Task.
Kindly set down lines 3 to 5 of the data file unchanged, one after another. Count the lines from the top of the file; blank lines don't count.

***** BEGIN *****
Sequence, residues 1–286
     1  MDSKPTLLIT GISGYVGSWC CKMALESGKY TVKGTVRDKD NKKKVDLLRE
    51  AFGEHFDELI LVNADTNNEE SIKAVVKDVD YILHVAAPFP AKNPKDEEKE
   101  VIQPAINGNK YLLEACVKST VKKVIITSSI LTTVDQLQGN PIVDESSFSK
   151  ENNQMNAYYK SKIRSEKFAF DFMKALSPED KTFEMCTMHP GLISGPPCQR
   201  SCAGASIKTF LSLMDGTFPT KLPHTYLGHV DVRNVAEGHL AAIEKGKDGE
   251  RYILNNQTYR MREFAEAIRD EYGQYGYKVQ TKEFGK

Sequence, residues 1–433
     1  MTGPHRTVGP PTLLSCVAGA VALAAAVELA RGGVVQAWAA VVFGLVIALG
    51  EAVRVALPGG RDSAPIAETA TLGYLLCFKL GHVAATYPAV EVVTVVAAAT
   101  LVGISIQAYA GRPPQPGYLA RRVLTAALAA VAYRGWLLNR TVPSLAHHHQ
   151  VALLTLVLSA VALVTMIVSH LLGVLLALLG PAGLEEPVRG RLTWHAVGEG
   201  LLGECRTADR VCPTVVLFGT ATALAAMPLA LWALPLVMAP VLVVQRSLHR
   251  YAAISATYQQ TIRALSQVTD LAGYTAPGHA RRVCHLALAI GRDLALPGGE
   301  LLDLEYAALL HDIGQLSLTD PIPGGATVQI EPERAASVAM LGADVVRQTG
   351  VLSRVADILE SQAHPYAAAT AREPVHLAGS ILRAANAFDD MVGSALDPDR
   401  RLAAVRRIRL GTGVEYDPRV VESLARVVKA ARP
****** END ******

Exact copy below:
    51  AFGEHFDELI LVNADTNNEE SIKAVVKDVD YILHVAAPFP AKNPKDEEKE
   101  VIQPAINGNK YLLEACVKST VKKVIITSSI LTTVDQLQGN PIVDESSFSK
   151  ENNQMNAYYK SKIRSEKFAF DFMKALSPED KTFEMCTMHP GLISGPPCQR